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Sri Lanka’s CCP demands end to ruling circular debt amid forex crisis

By on January 15, 2022 0

ECONOMYNEXT – Sri Lanka’s state-run Ceylon Petroleum Corporation is seeking to end the island’s power utility “circular debt” as utility losses from price controls land on the oil company as an unpaid debt.

Sri Lanka faces sporadic power outages in January as the utility runs out of fuel with a 300-megawatt coal-fired power station out of commission, while its debt to the CPC rises due to losses.

Losses are then financed by borrowing from state banks or suppliers.

Circular debt

Energy utility debt increases every time the Central Bank prints money to keep interest rates low, which also causes currency shortages and eventually the currency to collapse, adding to losses and endless “state enterprise price reforms”.

In countries with loose dollar pegs that print money and run into currency crises and end up in the International Monetary Fund, “circular debt” between oil and power utilities and electric utilities and independent power producers continues to accumulate in each credit cycle.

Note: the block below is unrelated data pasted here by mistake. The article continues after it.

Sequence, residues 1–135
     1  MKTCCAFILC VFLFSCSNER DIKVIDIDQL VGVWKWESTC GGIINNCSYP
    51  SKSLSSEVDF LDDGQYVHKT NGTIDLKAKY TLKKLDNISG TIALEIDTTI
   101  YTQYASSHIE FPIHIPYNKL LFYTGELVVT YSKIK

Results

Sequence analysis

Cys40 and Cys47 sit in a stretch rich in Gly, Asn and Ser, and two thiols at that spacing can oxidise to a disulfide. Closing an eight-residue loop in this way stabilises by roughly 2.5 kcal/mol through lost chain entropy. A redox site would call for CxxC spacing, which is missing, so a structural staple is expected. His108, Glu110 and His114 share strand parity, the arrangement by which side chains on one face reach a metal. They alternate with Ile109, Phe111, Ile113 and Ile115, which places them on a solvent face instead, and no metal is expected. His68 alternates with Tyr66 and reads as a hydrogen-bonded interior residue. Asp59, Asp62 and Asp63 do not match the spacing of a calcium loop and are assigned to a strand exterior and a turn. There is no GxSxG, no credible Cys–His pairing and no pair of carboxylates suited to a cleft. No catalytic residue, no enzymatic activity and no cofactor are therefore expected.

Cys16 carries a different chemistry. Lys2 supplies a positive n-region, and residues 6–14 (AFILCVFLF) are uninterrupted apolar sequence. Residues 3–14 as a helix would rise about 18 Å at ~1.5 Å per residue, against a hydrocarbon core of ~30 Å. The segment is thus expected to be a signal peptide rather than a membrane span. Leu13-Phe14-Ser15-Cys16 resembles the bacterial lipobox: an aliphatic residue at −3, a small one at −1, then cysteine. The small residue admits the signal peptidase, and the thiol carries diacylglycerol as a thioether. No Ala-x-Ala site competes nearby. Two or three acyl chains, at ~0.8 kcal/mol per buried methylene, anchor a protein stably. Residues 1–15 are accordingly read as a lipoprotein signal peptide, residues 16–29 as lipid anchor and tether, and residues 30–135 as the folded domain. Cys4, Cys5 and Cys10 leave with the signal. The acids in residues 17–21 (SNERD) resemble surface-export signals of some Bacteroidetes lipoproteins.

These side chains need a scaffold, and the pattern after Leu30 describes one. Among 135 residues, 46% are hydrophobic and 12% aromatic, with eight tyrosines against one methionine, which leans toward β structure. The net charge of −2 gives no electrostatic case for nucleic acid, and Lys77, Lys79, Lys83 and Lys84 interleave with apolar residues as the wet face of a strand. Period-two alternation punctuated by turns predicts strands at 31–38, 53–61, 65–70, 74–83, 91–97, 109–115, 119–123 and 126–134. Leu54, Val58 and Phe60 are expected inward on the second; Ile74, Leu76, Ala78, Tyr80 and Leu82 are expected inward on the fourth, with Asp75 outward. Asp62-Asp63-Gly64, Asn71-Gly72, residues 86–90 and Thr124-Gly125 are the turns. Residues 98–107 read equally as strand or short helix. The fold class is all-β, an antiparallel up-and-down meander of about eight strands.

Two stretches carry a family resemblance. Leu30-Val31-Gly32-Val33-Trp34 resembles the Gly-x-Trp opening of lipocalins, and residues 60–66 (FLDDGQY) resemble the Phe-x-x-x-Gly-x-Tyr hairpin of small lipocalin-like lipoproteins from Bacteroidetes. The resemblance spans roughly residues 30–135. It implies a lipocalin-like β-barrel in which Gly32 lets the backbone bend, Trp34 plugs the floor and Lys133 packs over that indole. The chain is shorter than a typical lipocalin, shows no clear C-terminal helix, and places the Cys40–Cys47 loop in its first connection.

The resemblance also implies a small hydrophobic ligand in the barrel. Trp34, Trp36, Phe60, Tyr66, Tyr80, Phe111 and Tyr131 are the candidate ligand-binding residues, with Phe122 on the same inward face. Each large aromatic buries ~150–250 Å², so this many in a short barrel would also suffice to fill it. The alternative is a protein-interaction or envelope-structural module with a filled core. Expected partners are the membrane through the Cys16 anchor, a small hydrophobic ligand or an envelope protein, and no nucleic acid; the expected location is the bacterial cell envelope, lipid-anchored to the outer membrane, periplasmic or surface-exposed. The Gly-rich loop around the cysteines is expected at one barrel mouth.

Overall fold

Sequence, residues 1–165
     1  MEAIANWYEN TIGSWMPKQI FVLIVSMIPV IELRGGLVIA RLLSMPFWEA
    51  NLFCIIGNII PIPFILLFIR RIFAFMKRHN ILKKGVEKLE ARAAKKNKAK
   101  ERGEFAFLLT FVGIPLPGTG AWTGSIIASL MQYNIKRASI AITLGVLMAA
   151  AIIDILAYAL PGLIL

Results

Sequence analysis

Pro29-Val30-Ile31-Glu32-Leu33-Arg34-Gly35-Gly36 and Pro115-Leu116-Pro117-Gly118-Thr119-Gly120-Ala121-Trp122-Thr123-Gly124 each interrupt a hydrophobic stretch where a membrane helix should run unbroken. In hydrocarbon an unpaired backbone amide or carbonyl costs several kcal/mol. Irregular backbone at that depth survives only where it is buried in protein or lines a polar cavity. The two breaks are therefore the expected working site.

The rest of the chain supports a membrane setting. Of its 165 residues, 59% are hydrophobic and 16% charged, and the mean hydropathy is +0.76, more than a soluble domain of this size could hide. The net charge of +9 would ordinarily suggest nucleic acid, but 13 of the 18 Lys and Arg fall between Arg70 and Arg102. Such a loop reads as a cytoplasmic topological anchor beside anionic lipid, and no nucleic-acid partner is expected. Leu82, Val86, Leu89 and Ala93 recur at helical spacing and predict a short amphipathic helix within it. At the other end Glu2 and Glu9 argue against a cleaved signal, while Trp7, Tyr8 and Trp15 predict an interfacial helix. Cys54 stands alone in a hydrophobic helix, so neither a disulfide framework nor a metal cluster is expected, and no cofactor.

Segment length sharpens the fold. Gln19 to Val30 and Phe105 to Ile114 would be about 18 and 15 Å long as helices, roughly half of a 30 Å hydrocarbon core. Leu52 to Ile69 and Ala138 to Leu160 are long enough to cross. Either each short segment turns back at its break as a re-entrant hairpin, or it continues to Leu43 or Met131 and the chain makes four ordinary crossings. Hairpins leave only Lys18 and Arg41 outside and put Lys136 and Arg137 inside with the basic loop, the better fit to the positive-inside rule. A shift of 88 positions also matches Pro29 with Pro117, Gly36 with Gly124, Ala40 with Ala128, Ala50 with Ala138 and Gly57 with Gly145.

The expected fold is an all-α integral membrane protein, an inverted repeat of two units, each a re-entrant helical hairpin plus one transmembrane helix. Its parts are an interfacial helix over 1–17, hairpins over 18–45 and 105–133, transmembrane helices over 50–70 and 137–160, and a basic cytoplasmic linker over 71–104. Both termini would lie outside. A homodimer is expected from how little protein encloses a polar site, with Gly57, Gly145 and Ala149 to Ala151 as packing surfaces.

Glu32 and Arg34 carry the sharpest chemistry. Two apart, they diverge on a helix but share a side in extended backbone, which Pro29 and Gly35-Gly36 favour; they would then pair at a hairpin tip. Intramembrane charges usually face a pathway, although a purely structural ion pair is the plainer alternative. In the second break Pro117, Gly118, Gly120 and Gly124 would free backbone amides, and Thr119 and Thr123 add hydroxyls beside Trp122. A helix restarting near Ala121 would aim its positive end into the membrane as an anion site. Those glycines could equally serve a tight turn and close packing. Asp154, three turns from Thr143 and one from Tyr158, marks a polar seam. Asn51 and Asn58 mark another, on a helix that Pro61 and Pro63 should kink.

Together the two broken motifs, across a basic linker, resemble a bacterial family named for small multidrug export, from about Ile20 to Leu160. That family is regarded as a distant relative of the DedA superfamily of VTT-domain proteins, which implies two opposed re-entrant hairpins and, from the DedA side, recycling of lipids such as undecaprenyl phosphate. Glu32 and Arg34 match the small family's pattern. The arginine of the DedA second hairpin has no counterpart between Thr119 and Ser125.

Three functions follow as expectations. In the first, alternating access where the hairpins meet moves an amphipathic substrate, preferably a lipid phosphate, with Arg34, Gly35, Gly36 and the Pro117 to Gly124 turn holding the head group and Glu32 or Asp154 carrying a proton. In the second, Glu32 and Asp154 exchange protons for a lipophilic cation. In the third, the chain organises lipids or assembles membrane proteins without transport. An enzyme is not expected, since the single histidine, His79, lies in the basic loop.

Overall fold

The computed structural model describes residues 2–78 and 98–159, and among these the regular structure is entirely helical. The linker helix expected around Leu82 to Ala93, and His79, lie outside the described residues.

Utilities losses mount as the Fed prints money and drives up energy prices under loose policy. As the Fed later tightens policy, a loosely pegged central bank’s currency plummets, adding more losses to electric and oil utilities.

Energy prices are then raised as part of “state enterprise price reforms” and two to three years later the central bank prints money again to keep rates low and the rupee falls back , driving endless “price reforms” amid currency crises.

In the absence of the political will or knowledge to reform the central bank to curtail the arbitrary powers of the Monetary Board to keep rates low, the cycle keeps repeating itself, with the currency peg typically breaking down whenever the US Federal Reserve tightens its policy – which is usually every 4-5 years.

Pakistan and Sri Lanka, which have the worst central banks in the region, are the main victims of circular debt.